Latest News17 February 2015
New equipment for Simalaha Community Conservancy
Thanks to MAVA Foundation for Nature support, 10 February marked the arrival of a new tractor, a new trailer and a rotary mower, all of which will be used in the Simalaha Community Conservancy to manage roads, fire-breaks and for general management. → read more…
KAZA TFCA has many distinguishing features of global importance, among them the largest contiguous population of African elephant on the continent, numbering approximately a quarter of a million animals. Of significant benefit to both the local communities and this huge meta-elephant population will be the establishment of one of Zambia’s first conservancies, the Simalaha Community Conservancy, spanning the Sisheke and Chundu chiefdoms. The conservancy will be an important area in KAZA TFCA to re-establish wildlife populations and their migration routes and will ultimately link Chobe National Park in Botswana to Kafue National Park in Zambia.
Establishing the Conservancy
Senior Chief Inyambo Yeta of the Sisheke Chiefdom and Chief Sekute of the Chundu Chiefdom agreed to establish the Simalaha Community Conservancy as an area to re-establish wildlife populations and a mechanism to stimulate community benefits through wildlife and tourism development.
With funding received from WWF Germany, the first steps in the establishment of the conservancy were taken. Through a consultative process with the local communities, the boundaries of the conservancy were determined.
On 22 October 2012 the Simalaha Community Conservancy was officially launched by Chief Sekute and Senior Chief Inyambo Yeta. They also opened the conservancy offices at the Mwandi Kuta, kindly made available by Senior Chief Yeta. The Senior Chief thanked the Mava Foundation for Nature and the Swedish Postcode Lottery for their support to the conservancy.
On the same day, the teachers accommodation at the Mwandi School in Simalaha, built thanks to Stichting Energo, were officially handed over.
A wildlife sanctuary covering an area of 24 000 ha that involves both chiefdoms was established to relocate seed stock of wildlife to where they can be properly protected and allow them to increase in numbers. A large and varied wildlife experience will result in more tourism that will generate much-needed income.
Field rangers will also be trained in this area and an awareness programme for the communities will be launched to ensure ownership of the wildlife and the project as a whole. Once the animal numbers have increased sufficiently, the fences of the sanctuary will be removed to allow the wildlife to move into the bigger area. A game proof fence has been erected around the wildlife sanctuary thanks to funding by MAVA Foundation for Nature, the Swedish Postcode Lottery and the Cleveland Zoological Society.
Local community members were identified to assist with the construction of the fence, which enabled them to earn a living for their families. Eighteen community members, including a number of these labourers, will be trained as field rangers. The field ranger training will be funded by the Cleveland Zoological Society. Two field ranger stations will be built in the sanctuary, one in each of the chiefdoms, as well as water wells to serve the stations. Two mobile stations will also be constructed to allow for mobile patrols;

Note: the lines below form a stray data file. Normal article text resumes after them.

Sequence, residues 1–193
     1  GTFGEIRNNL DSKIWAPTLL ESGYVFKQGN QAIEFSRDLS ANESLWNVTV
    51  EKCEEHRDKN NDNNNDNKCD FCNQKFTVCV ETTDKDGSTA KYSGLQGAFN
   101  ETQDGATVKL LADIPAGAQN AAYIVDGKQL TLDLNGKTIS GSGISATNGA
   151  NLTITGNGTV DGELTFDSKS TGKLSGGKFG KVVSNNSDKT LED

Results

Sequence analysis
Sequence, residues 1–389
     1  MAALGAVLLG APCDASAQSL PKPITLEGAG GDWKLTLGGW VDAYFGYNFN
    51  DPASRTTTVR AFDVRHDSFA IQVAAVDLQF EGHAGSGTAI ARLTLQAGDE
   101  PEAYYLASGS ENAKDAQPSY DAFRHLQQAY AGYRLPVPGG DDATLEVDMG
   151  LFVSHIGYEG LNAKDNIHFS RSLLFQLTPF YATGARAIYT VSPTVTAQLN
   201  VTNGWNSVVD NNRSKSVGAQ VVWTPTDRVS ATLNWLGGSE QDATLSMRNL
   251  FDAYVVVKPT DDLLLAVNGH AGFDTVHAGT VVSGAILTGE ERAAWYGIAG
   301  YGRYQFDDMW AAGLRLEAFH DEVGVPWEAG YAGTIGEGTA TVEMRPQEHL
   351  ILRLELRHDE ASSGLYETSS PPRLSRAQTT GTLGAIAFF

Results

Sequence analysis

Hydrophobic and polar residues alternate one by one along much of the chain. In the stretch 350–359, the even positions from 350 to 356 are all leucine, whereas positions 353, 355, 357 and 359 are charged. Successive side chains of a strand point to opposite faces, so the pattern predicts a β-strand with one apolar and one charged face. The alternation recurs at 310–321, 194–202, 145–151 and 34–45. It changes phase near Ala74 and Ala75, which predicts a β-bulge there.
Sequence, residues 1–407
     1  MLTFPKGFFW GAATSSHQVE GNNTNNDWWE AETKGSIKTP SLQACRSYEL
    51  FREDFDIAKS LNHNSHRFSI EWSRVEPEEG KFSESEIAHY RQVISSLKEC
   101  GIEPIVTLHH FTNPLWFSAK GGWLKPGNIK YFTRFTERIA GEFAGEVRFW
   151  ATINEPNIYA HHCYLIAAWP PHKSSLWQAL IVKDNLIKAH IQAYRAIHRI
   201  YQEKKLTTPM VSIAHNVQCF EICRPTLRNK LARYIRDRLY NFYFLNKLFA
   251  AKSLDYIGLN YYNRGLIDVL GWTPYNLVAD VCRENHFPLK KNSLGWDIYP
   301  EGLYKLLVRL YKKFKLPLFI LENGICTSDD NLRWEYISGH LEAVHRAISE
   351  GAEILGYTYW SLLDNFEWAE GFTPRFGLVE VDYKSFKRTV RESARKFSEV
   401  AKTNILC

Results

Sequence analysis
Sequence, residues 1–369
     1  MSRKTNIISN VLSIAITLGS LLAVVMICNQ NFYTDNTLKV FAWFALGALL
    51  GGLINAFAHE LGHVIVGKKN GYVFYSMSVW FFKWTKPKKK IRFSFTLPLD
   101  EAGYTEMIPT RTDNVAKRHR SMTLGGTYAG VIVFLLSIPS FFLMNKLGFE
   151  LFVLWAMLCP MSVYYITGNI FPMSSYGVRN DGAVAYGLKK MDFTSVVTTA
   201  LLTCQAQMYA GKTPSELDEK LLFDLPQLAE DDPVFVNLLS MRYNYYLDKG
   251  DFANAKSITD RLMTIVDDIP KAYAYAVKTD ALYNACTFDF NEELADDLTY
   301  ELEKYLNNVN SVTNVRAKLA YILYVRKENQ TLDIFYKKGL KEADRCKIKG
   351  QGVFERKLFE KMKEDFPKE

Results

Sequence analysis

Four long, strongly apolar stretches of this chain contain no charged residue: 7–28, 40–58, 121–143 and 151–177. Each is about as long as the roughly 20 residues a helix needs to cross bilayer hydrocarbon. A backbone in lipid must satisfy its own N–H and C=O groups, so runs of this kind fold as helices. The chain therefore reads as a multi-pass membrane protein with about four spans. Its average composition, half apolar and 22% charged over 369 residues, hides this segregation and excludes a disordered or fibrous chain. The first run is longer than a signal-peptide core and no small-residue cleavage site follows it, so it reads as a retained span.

As more funding becomes available and capacity to manage the area improves, the sanctuary fences will be removed to allow wildlife to move into the larger area.
Sunday, 6 October 2013 saw the first ever wildlife translocation to the Simalaha Community Conservancy.
Human rights-based approach
On 11 May 2012 the Swedish Postcode Lottery announced a donation of of SEK10 million for a special programme to be implemented in the Simalaha Community Conservancy in Zambia. This follows on an application jointly submitted by Peace Parks Foundation Sweden and the Joaquim Chissano Foundation.
The programme funded by the Swedish Postcode Lottery will focus on a community-based approach to natural resource management that will improve local ownership and access to basic human rights, such as access to food, health, shelter and education by responsibly managing natural resources and wildlife.
The programme constitutes four projects, namely the establishment of two wildlife sanctuaries, training in conservation agriculture, training in controlled grazing, and the introduction of sustainable energy products, which will all bring socio-economic benefit flows to the community.
The Kadans Foundation, with its partners Hitachi Data Systems and Hercuton, is funding conservation agriculture in the conservancy.
The most important aspect of conservation farming is the minimal disturbance of the soil. In addition, seeds are used more sparingly and natural fertilizers are made by composting cow manure and biodegradable materials. Less labour is needed, as weeding is only done at specific times, thereby leaving more time for other household duties. Increased productivity leads to saving forests, as less land is cleared by burning.Together, these benefits lead to increased yields, improved food security and profits, and the conservation of biodiversity.
The project aims at reaching at least 350 farmers in and around Simalaha.
Watch the video on the Simalaha wildlife translocation and conservation agriculture projects, made for SABC's 50/50 programme.